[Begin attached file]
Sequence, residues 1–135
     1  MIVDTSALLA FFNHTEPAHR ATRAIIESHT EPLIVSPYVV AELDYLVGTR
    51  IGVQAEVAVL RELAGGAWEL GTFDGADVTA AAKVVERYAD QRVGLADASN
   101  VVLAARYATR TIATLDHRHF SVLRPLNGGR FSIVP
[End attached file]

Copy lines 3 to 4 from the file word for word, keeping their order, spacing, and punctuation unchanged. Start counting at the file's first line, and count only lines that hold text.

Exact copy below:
    51  IGVQAEVAVL RELAGGAWEL GTFDGADVTA AAKVVERYAD QRVGLADASN
   101  VVLAARYATR TIATLDHRHF SVLRPLNGGR FSIVP